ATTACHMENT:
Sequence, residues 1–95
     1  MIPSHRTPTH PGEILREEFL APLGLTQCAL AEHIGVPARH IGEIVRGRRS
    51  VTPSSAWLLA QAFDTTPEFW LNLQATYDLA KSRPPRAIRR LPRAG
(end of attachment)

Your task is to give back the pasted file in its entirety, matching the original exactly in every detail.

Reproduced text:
Sequence, residues 1–95
     1  MIPSHRTPTH PGEILREEFL APLGLTQCAL AEHIGVPARH IGEIVRGRRS
    51  VTPSSAWLLA QAFDTTPEFW LNLQATYDLA KSRPPRAIRR LPRAG